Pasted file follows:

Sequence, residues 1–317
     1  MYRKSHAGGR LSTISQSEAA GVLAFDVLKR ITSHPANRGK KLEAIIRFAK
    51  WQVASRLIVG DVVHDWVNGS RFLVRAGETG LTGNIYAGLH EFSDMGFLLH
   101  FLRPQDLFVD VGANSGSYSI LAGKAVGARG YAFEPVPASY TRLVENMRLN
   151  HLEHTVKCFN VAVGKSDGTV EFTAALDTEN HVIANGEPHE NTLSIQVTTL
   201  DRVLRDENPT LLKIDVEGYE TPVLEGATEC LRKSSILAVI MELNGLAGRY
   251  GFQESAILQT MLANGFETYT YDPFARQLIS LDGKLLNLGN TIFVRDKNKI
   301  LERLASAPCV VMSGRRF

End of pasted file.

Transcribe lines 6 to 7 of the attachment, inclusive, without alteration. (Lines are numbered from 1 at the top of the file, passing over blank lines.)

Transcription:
   201  DRVLRDENPT LLKIDVEGYE TPVLEGATEC LRKSSILAVI MELNGLAGRY
   251  GFQESAILQT MLANGFETYT YDPFARQLIS LDGKLLNLGN TIFVRDKNKI